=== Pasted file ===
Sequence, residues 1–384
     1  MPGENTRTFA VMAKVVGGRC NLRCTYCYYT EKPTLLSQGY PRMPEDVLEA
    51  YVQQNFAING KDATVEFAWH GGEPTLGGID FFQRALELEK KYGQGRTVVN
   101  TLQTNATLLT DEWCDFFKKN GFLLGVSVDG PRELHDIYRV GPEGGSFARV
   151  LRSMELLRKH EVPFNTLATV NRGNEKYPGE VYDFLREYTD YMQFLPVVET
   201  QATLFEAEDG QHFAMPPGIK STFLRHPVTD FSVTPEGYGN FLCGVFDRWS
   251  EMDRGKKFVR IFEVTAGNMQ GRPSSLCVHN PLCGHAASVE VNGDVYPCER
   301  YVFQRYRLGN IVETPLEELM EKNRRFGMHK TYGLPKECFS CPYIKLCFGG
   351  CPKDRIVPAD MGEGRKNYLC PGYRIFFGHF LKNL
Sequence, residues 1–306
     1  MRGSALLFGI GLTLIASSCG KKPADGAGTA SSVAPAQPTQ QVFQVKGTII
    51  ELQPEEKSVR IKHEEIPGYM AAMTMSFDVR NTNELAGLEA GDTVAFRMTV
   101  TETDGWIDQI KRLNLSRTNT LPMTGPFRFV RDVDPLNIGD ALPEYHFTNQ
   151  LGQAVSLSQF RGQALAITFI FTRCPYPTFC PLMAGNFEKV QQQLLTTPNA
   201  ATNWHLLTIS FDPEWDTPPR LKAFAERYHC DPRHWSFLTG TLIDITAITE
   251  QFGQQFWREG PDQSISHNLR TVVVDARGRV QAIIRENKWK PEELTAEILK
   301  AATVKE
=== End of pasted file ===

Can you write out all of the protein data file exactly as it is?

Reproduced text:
Sequence, residues 1–384
     1  MPGENTRTFA VMAKVVGGRC NLRCTYCYYT EKPTLLSQGY PRMPEDVLEA
    51  YVQQNFAING KDATVEFAWH GGEPTLGGID FFQRALELEK KYGQGRTVVN
   101  TLQTNATLLT DEWCDFFKKN GFLLGVSVDG PRELHDIYRV GPEGGSFARV
   151  LRSMELLRKH EVPFNTLATV NRGNEKYPGE VYDFLREYTD YMQFLPVVET
   201  QATLFEAEDG QHFAMPPGIK STFLRHPVTD FSVTPEGYGN FLCGVFDRWS
   251  EMDRGKKFVR IFEVTAGNMQ GRPSSLCVHN PLCGHAASVE VNGDVYPCER
   301  YVFQRYRLGN IVETPLEELM EKNRRFGMHK TYGLPKECFS CPYIKLCFGG
   351  CPKDRIVPAD MGEGRKNYLC PGYRIFFGHF LKNL
Sequence, residues 1–306
     1  MRGSALLFGI GLTLIASSCG KKPADGAGTA SSVAPAQPTQ QVFQVKGTII
    51  ELQPEEKSVR IKHEEIPGYM AAMTMSFDVR NTNELAGLEA GDTVAFRMTV
   101  TETDGWIDQI KRLNLSRTNT LPMTGPFRFV RDVDPLNIGD ALPEYHFTNQ
   151  LGQAVSLSQF RGQALAITFI FTRCPYPTFC PLMAGNFEKV QQQLLTTPNA
   201  ATNWHLLTIS FDPEWDTPPR LKAFAERYHC DPRHWSFLTG TLIDITAITE
   251  QFGQQFWREG PDQSISHNLR TVVVDARGRV QAIIRENKWK PEELTAEILK
   301  AATVKE